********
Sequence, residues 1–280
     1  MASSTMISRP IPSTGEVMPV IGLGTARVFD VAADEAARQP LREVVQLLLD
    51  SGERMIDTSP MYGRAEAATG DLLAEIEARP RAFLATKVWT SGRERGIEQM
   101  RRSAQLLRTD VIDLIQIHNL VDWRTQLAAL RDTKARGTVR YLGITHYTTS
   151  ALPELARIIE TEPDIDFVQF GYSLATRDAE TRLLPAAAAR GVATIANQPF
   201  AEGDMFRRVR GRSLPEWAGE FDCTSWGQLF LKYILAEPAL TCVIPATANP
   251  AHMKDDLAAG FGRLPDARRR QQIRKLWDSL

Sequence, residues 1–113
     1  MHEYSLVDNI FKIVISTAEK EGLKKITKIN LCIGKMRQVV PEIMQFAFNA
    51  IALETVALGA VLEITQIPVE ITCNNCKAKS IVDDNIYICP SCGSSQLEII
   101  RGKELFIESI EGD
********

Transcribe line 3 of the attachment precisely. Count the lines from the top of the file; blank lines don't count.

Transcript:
    51  SGERMIDTSP MYGRAEAATG DLLAEIEARP RAFLATKVWT SGRERGIEQM